Graphic Designers Guide to Creating Website Comps
This article should help eliminate the back and forth from designer to developer. This document will list some of the basic practices that will make this process run smoother and more organized.
Do’s and Dont’s
1. Don’t create multiple PSD files that distinguish the front page from an inside page or customized templated page.
– Do, group each page design in the same document as a separate layer. This way every page can be viewed by just turning the eye off and on. ( Better a 10MB PSD file than 5x 2MB PSD files)
2. Don’t leave layers untitled (Layer 1, Layer 2).
– Do name them exactly what they are using the colors and areas of the design as description. (ex. Yellow Footer Bar, Right side content image). This gives the developer a better understanding of what they are selecting and looking at when attempting to deconstruct your design to transform into web code.
3. Don’t just use whatever font you think looks best. Remember, most fonts require a license to be used on the internet, excluding text inside images or logos.
– Do research what fonts are open sourced, or see if the client is willing to pay for the license of a particular font. Otherwise, download the Google Web Font Library, there are a ton of good fonts and they are all open sourced.
4. Don’t leave layers with layer filters, clipping masks or fills. Some parts of the design comps have to be separated and saved as individual images to be placed by coding. If there are added parts to the layer, it can sometimes not cut out properly while saving the effect.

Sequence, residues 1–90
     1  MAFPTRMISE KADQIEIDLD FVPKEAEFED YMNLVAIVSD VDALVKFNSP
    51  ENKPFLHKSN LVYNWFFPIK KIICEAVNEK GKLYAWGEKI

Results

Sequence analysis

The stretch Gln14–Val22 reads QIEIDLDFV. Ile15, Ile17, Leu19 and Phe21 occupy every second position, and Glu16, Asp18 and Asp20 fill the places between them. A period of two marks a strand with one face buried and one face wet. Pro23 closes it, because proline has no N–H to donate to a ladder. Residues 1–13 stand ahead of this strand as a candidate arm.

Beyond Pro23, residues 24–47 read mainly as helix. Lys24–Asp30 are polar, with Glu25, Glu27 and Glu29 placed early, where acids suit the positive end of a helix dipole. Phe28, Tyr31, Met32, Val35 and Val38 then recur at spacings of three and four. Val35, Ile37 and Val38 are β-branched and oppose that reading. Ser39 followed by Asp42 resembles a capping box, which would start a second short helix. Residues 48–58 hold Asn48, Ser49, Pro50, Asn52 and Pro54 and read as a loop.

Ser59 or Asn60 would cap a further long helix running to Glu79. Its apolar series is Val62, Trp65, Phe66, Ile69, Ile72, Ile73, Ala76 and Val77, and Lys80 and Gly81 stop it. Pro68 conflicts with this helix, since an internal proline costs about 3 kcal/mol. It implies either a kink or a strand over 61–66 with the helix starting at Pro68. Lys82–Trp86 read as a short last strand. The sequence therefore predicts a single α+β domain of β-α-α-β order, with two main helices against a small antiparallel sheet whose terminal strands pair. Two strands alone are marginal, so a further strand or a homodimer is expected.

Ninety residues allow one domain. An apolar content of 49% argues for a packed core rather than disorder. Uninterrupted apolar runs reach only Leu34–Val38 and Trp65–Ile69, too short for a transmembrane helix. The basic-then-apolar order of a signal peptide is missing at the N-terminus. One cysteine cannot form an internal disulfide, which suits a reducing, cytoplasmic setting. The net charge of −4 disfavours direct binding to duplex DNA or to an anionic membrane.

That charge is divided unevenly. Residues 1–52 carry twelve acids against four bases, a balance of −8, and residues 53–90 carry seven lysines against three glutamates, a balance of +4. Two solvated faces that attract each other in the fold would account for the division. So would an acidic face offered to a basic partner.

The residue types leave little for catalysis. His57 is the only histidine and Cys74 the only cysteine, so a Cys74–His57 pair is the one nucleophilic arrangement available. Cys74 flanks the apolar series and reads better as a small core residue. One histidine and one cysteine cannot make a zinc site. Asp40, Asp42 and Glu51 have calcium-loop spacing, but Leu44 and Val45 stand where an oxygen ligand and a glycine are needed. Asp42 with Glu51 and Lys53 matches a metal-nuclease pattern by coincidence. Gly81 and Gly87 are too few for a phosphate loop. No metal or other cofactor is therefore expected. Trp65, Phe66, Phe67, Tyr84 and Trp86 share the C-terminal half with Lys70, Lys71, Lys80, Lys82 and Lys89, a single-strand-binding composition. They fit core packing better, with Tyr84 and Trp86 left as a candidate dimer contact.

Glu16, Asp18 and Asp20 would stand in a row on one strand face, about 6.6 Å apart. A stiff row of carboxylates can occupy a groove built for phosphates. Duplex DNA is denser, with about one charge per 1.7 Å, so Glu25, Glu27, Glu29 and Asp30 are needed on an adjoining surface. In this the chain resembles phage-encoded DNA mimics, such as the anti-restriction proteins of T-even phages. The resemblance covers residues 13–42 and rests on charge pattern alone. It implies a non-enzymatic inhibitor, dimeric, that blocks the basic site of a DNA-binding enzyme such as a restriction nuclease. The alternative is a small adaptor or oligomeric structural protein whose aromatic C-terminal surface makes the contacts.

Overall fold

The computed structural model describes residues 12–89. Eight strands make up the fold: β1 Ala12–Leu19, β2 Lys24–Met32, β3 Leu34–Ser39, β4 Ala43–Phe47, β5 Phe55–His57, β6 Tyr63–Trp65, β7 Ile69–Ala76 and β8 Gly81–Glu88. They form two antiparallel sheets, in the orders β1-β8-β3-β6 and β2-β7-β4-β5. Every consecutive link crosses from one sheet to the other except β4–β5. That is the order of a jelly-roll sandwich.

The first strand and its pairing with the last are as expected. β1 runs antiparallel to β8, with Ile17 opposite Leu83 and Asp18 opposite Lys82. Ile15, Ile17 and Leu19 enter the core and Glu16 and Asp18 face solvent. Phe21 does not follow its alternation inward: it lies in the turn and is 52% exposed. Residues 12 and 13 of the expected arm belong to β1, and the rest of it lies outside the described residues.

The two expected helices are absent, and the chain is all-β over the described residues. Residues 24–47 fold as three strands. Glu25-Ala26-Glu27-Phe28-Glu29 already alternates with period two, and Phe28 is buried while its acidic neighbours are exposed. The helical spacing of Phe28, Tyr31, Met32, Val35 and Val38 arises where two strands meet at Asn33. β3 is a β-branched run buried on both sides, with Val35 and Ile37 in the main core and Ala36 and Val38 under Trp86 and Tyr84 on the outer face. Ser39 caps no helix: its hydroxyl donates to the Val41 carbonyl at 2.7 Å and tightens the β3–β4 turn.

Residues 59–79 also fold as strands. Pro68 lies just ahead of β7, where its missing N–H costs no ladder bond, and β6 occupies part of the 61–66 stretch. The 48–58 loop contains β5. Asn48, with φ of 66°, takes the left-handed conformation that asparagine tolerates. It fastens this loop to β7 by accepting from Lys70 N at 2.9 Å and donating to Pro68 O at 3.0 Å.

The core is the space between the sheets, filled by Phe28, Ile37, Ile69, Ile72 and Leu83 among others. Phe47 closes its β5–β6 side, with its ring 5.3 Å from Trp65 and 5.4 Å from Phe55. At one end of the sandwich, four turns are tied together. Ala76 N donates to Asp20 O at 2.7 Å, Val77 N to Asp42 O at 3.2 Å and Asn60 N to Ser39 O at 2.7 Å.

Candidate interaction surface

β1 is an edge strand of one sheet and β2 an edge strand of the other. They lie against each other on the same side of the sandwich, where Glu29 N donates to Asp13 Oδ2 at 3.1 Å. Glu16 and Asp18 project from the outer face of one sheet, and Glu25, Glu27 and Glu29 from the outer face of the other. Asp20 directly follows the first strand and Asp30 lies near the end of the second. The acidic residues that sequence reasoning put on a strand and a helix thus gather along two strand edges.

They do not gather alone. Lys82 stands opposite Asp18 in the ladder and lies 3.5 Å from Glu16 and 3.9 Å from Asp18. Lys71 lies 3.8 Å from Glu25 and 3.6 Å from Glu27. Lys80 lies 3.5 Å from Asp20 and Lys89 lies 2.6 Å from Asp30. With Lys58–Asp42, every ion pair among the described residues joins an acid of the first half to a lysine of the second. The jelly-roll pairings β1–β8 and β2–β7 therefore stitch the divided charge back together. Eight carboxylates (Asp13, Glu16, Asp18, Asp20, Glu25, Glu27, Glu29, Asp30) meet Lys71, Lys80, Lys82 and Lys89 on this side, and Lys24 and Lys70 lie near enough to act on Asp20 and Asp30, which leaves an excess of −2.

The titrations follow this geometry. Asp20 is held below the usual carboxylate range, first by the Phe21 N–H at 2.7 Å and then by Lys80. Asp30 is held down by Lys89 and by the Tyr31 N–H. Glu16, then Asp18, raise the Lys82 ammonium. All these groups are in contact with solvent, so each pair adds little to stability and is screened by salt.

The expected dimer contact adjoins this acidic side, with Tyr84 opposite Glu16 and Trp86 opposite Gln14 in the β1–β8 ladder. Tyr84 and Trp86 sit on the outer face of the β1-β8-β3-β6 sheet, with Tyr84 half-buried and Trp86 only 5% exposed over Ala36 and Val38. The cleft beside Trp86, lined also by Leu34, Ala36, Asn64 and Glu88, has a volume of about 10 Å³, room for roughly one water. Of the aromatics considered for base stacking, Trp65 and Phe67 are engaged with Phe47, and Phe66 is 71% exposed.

– Do instead Rasterize Layer Styles (click the layer and then choose from top menu Layer > Rasterize > Layer Styles). Remember, most web developers don’t really understand how photoshop works, and can be confused as to how you got a certain layer to look a certain way. This will result in the coder cutting the layer out and implementing it into the site as an image, which is not always the best practice.
5. Don’t leave unused layers randomly throughout the comp. This can get confusing when searching for a particular layer. It also adds extra weight to the final comp size.
– Do go through the final layout and eliminate any unnecessary layers and items.
6. Do use guide lines to separate parts of the site comp. This helps determine widths, heights, and spacing are perfectly set.
7. Do use 72dpi resolution. The web only displays in 72dpi resolution. Anything higher or lower will result in disproportionate web layout.
When designing keep in mind the that the site has to be broken down into smaller parts and then reassembled on the web. The days of cutting designs up into smaller images are over. No more totally tabled layouts. Most of what you design can be recreated by coding. Lets make the designer and coders relationship better.